It is time to leave.
Now, there is no use in arguing whether or not Chicago is a "better" city than Cleveland. There is no use to go on and on about the sights, sounds, and rich history of Chicago as compared to Cleveland.
It would be childish to begin comparing which city is better and would only be used to spark up the comment section of this article. It's simply a waste of time.
Especially since Cleveland isn't a real city.
Now, for those of you who have not immediately rushed to the comment section to begin joking about the murder rate and gang rate of Chicago—merely showing you are scared of a little city violence instead of proving Chicago to be a bad city—we will keep this discussion focused on basketball.
After all, this is an intervention for LeBron, and we are all here because we love him—or want to use him to win a championship for the team we cheer for.
Regardless, we are here because we want to tell him he is never going to win a championship in Cleveland, and the easiest road to victory and legendary status would be making the trip to Chicago.
The Bulls already have the pieces the Cleveland Cavaliers have never gotten LeBron James. A surrounding four of Derrick Rose, Luol Deng, Taj Gibson, and Joakim Noah is better than anything the Cleveland organization has ever put around him.
In seven years the best Cleveland has been able to provide the Dalai LeBrona was Mo Williams, an aged Shaquille O'Neil, and a rented Antawn Jamison for half a season.
Good work, Cavs.
The difficult parts about analyzing Chicago are the coaching situation, whether LeBron James will be living in Michael Jordan's shadow, and whether teaming up with Derrick Rose would make it seem as though LeBron needed another star to win.
These have relatively easy answers.
The coaching situation is better in Chicago now with no coach than in Cleveland with Mike Brown, so when the Bulls add Maurice Cheeks, Byron Scott, or Avery Johnson, the pendulum will weigh even more toward Chicago.
Essentially any coach that knows while the 350-pound, 38-year-old Shaquille O'Neil is in a game the lane is clogged and the offense moves far too slowly. My grade school coach would suffice.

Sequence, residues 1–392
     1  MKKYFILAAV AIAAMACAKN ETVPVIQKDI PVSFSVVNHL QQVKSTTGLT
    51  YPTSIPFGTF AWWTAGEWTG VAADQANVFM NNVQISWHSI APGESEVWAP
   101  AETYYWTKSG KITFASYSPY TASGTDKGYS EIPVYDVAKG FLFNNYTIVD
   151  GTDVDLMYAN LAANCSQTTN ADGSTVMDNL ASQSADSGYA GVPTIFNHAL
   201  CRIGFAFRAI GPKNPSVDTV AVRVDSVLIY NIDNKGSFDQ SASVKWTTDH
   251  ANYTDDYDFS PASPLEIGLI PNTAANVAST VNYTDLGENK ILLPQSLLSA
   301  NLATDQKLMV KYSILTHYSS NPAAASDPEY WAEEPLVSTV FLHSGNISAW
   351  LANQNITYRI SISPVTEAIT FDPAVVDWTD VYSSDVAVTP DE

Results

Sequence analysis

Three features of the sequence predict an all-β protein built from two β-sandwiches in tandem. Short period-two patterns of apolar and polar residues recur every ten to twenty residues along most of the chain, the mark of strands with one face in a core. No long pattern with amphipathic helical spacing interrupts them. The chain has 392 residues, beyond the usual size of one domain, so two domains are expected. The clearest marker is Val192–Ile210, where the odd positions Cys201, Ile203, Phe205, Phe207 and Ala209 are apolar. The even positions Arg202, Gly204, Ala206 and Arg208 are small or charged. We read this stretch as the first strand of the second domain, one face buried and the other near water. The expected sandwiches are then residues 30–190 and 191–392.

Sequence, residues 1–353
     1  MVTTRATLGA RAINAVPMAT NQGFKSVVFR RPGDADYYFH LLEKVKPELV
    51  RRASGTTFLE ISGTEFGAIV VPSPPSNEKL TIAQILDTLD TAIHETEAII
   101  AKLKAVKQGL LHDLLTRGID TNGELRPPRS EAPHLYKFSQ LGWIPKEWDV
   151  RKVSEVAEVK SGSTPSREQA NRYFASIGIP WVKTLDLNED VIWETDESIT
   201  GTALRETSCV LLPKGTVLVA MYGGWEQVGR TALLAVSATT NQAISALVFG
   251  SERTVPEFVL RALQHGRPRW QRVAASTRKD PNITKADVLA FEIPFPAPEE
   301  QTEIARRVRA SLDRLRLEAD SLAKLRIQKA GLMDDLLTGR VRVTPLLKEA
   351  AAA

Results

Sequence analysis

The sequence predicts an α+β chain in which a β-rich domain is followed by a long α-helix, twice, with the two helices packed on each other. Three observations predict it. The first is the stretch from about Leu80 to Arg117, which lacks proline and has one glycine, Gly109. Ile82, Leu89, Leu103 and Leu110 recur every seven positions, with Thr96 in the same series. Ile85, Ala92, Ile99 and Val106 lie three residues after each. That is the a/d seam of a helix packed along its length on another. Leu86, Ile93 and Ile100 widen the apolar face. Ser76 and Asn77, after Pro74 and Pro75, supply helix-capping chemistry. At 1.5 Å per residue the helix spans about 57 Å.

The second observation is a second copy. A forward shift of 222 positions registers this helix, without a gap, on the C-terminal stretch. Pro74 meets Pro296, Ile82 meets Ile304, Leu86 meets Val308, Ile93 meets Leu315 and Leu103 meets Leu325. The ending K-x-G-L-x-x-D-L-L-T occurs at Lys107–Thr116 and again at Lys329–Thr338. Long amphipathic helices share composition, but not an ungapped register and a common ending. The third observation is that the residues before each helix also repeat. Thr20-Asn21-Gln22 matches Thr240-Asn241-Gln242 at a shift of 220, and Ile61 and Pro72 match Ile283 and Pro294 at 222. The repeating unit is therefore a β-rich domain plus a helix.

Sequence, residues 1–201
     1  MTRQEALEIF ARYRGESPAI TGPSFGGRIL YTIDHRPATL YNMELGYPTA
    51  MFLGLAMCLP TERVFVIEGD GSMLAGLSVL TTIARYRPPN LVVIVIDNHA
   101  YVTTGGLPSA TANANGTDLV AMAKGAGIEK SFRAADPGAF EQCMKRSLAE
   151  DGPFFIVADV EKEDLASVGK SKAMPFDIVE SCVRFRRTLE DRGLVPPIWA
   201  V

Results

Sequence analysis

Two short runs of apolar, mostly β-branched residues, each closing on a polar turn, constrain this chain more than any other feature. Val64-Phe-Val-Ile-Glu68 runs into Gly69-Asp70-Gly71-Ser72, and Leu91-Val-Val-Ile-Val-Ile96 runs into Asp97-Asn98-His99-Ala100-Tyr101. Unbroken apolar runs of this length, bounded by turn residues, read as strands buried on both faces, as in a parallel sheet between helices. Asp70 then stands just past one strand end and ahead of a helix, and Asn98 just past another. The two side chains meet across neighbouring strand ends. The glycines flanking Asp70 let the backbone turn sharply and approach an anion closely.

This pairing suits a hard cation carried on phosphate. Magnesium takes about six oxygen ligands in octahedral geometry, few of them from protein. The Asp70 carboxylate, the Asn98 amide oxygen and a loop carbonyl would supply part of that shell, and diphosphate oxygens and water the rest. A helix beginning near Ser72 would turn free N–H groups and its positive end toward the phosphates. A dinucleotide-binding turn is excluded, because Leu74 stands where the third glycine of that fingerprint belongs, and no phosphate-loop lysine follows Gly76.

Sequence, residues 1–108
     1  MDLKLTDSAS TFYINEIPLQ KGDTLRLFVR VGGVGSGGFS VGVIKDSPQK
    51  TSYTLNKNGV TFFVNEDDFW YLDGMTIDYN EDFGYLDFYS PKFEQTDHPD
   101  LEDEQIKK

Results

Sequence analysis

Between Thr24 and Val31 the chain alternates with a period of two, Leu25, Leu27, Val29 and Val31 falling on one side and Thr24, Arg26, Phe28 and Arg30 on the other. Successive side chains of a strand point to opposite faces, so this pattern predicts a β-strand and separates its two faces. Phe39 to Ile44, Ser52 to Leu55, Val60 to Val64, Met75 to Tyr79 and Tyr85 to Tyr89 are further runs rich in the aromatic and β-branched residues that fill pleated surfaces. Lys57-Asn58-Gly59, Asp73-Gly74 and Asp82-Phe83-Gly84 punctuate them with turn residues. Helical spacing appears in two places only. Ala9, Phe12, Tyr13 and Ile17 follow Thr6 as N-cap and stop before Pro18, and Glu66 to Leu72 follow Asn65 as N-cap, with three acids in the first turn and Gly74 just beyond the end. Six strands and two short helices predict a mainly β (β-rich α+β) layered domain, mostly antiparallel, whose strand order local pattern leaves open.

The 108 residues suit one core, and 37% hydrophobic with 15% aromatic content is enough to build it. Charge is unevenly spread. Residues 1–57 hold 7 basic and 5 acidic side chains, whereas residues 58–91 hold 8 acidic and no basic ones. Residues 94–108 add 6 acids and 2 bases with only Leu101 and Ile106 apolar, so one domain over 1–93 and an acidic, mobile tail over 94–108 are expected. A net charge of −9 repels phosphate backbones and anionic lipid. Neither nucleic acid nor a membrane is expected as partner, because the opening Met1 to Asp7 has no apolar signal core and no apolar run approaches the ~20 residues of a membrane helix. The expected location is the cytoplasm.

That being said, LeBron may even have the ability to choose his own coach before coming to Chicago as opposed to waiting for the firing of Mike Brown, if that were to even happen.
As for the Jordan shadow, LeBron will always live in Jordan's shadow. The greats are always compared to the greater and expected to at least match.
So what better way to overcome the Jordan shadow than to make sure your jersey is retired right next to No. 23 while working below it?
Multiple superstars are needed to win championships. This badgering of stars as to whether or not they can win it on their own is complete garbage because they simply cannot and never will be able to do it on their own.
LeBron is currently proving that in Cleveland.
It's the "Can Kobe win without Shaq?" nonsense that continues with all the greats. Yes, Kobe can win without Shaq—when he has Pau Gasol.
One star cannot win a championship.
The best part about Rose is he is not yet considered a superstar, so in winning with Rose, James could even be glorified for bringing Rose's game to the next level.
For LeBron, it is one of these options:
Stay in Cleveland and never win a championship, go to the biggest market New York and have to wait for an actual team to be assembled before having the chance to win a championship, go to Miami and win a championship with Dwayne Wade and answer questions of whether or not he can win it on his own, or go to the big market of Chicago with the pieces already in place and answer questions about whether or not this is the best starting five in Bulls history.
LeBron James, Derrick Rose, Luol Deng, Taj Gibson, and Joakim Noah?
It could be.